Playing with Google Earth, assuming a 1000ft elevation on a clear day with unlimited visibility, I could see the Howland at about 70-80 miles out. Of course this that is a simulated environment but it might suggest the outer limit of how close they were. On a real aircraft, at 1000ft, assuming perfect conditions, how far out could you be and spot Howland Island? It seems by all accounts they were very close to the destination given the total distance from Lae to Howland.

Are they any opinions as to whether they headed South prematurely or whether they passed to the North and missed Howland when they turned South and passed by it? I am guessing that they headed South prematurely, but this is just a guess.
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Irvine John Donald

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Re: Course lines, speed lines, where's Howland, and... where did she go?
« Reply #12 on: December 09, 2011, 07:48:52 PM »

Hi Heath. Please take a look at Celestial navigation forum. Topic is "Working the flight backwards". In particular reply #95 by Jeff Neville. His reply has a clear snapshot of why they turned south when they did. (the theory anyway).

I think in general that the general consensus is they went to far southof Howland, headed north on the LOP but turned back south just a bit too soon. 
Respectfully Submitted;

Irv
 
« Last Edit: December 09, 2011, 08:41:57 PM by Martin X. Moleski, SJ »
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Gary LaPook

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Re: Course lines, speed lines, where's Howland, and... where did she go?
« Reply #13 on: December 10, 2011, 02:13:08 AM »

As Gary has often pointed out, the Lae/Howland flight was well within the capability of the airplane and navigational methods and technologies of the time and yet the flight failed to reach its intended destination.

Has anyone created some type of guesstimate as to how close they actually came to Howland? The only evidence that I can recall was the radio operator saying that the radio signal strength was excellent, 5 out of 5. Someone had commented that they should have been within 60 miles if this were true although I do not recall where I had read that.

I also read another document that suggested that if there was cloud cover and they were at 1000ft, they might not have been able to differentiate the shadows of the clouds from the island. This seems pretty compelling.

Playing with Google Earth, assuming a 1000ft elevation on a clear day with unlimited visibility, I could see the Howland at about 70-80 miles out. Of course this that is a simulated environment but it might suggest the outer limit of how close they were. On a real aircraft, at 1000ft, assuming perfect conditions, how far out could you be and spot Howland Island? It seems by all accounts they were very close to the destination given the total distance from Lae to Howland.

Are they any opinions as to whether they headed South prematurely or whether they passed to the North and missed Howland when they turned South and passed by it? I am guessing that they headed South prematurely, but this is just a guess.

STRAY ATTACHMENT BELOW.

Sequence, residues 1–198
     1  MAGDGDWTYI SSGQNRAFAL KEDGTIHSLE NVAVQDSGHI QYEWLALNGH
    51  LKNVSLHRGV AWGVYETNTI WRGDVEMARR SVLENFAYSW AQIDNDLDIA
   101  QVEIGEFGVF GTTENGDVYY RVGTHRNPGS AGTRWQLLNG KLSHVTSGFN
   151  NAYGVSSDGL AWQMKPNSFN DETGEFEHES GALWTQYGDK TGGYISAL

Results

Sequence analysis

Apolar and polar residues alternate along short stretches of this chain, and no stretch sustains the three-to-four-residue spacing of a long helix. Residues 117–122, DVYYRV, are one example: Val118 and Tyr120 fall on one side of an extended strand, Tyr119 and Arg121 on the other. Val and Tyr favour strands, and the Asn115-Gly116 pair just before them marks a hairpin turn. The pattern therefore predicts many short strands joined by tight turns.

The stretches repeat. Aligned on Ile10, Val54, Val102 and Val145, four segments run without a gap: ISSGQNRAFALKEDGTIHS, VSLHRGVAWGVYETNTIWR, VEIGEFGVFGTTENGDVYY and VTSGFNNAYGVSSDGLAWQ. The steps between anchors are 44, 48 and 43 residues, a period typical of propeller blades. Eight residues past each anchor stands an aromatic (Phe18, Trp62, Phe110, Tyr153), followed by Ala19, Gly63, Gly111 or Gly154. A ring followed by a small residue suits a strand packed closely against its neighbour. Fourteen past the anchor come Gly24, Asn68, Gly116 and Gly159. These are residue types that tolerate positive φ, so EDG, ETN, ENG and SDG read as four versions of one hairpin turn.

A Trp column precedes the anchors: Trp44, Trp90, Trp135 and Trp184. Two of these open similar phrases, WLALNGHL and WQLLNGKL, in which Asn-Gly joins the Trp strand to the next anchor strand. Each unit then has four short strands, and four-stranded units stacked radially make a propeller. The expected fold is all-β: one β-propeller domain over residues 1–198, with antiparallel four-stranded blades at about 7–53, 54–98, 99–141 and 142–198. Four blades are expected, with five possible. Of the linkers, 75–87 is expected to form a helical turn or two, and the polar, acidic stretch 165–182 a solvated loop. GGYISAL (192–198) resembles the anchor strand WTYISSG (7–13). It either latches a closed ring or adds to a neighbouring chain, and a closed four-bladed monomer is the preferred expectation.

Looks like Google Earth strikes again. From 1,000 feet the horizon is only 41.6 SM away so anything at sea level beyond that distance is hidden behind the curve of the Earth. If Howland was 20 feet tall then this would add to the distance that you could see the top of that tree by 5.9 SM making a maximum that it might be possible to see Howland 47.5 SM (41.3 NM) no matter how good the meteorological visibility happens to be and it is never that good over the ocean.
See response #67, https://tighar.org/smf/index.php/topic,452.msg5577.html#msg5577
#68, https://tighar.org/smf/index.php/topic,452.msg5578.html#msg5578
and #71, https://tighar.org/smf/index.php/topic,452.msg5583.html#msg5583
on the same thread.


gl
« Last Edit: December 10, 2011, 02:48:08 AM by Gary LaPook »
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Gary LaPook

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Re: Course lines, speed lines, where's Howland, and... where did she go?
« Reply #14 on: December 10, 2011, 02:35:12 AM »

Hi Heath. Please take a look at Celestial navigation forum. Topic is "Working the flight backwards". In particular reply #95 by Jeff Neville. His reply has a clear snapshot of why they turned south when they did. (the theory anyway).

I think in general that the general consensus is they went to far southof Howland, headed north on the LOP but turned back south just a bit too soon.
If you read Neville's post #95 then make sure you also read post #87 at http://tighar.org/smf/index.php/topic,452.msg5618.html#msg5618
post # 99, at http://tighar.org/smf/index.php/topic,452.msg5637.html#msg5637
post #104, http://tighar.org/smf/index.php/topic,452.msg5647.html#msg5647
and post #73, https://tighar.org/smf/index.php/topic,452.msg5586.html#msg5586

Then if you want more complete information go to:
https://sites.google.com/site/fredienoonan/discussions/navigation-to-howland-island
and also look at the standard flight navigation texts available here:
https://sites.google.com/site/fredienoonan/topics/landfall-procedure
and  more generally here:
https://sites.google.com/site/fredienoonan/

If you read Neville's post #95 then you might also like to ask him about the last time he did a sun line "landfall" approach to an island (I did my last one about seven months ago on May 1, 2011, see: https://sites.google.com/site/fredienoonan/other-flight-navigation-information/recent-landfall-approach  and I've done lots of them before) and also ask him when he took his last sextant observation in flight, (I took some today.)

gl
« Last Edit: December 11, 2011, 12:48:20 AM by Gary LaPook »